Conservation groups have hailed a move by Niue to set nearly half of its marine estate aside as a vast new reserve.

The tiny island nation, population 1624, will establish a new marine protected area (MPA) to cover 40 per cent of the island's exclusive economic zone.

The 127,000 sq km MPA includes much of the waters around Niue itself as well as nearby Beveridge Reef, an uninhabited, semi-submerged atoll that has the largest density of grey reef sharks in the world.

Once established, it will be the 28th largest MPA in the world.


The initiative was part of the Niue Ocean Wide (NOW) project to manage the island's resources through a public-private partnership between the country's government and a local non-profit organisation Tofia Niue.

"We need to invest for our future generations, so they can enjoy the bounties that we enjoyed and know that we cared about them," Niue Premier Sir Toke Talagi said.

"The Government of Niue is happy to support this project and we look forward to working with others who want to help us protect our resources."

NOW director Brendon Pasisi said the MPA would "lock up" a proportion of its fishing resource for conservation and help reduce global over-fishing threatening fish stocks.

"Giving up a proportion of commercial fisheries opportunities is the foundation of this commitment; it will help Niue safeguard the natural asset, build ecological resilience and allow the island to pursue more sustainable economic, social and environmental opportunities including achieving greater local food security and foster more blue tourism.

"After decades of contributing regionally to ocean conservation and management, and striving nationally to achieve sustainable development and management standards within our means, it's no small feat for a tiny, developing island-state to make such a major contribution to ocean conservation."

The announcement drew praise from National Geographic, whose Pristine Seas operation took researchers and conservationists to the island last September, where they mapped the area including Beveridge Reef as one of 17 pristine natural sites in the world and carried out a comprehensive biodiversity assessment of the area.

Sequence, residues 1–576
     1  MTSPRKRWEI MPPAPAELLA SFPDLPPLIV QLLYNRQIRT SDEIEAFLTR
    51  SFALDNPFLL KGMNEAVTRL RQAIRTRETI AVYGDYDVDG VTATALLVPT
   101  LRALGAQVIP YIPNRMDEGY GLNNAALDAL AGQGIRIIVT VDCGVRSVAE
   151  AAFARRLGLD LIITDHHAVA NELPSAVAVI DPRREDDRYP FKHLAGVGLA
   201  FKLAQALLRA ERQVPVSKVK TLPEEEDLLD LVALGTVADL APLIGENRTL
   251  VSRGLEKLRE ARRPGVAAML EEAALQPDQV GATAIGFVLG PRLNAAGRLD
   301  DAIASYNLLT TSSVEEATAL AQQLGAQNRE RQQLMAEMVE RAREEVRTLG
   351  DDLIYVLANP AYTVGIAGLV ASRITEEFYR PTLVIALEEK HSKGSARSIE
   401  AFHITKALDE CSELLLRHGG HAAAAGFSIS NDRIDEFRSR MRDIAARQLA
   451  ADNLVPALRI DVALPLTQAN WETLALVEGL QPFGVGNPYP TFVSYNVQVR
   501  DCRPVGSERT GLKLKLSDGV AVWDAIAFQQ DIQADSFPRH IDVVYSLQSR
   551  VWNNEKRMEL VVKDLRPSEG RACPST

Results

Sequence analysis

Environment groups WWF-New Zealand, Forest and Bird and The Pew Charitable Trusts lauded the move.

Niue is a large upraised coral atoll, lying in the centre of a triangle formed by Samoa, Tonga and the Cook Islands. Photo / Supplied
Niue is a large upraised coral atoll, lying in the centre of a triangle formed by Samoa, Tonga and the Cook Islands. Photo / Supplied

"This is a huge step forward for marine conservation in the Pacific," WWF New Zealand chief executive Livia Esterhazy said.

"The ocean around Niue is a known breeding ground for humpback whales - the same whales that pass through New Zealand's Kermadec region each spring."

The groups now wanted to see New Zealand make good on its promise to establish the 620,000 sq km Kermadec Rangitahua Ocean Sanctuary, which would cover an area twice the size of our land mass and 50 times the size of our largest national park.

The plans, unveiled two years ago, have been set back by legal challenges and disagreement between parties.

A Colmar Brunton poll earlier this year showed that 93 per cent of New Zealanders want the sanctuary established.

"We don't know which parties will make up our new government once coalition negotiations are completed, but we do know that New Zealanders all over the country will be watching for the new government to keep the Kermadec promise," Forest and Bird chief executive Kevin Hague said.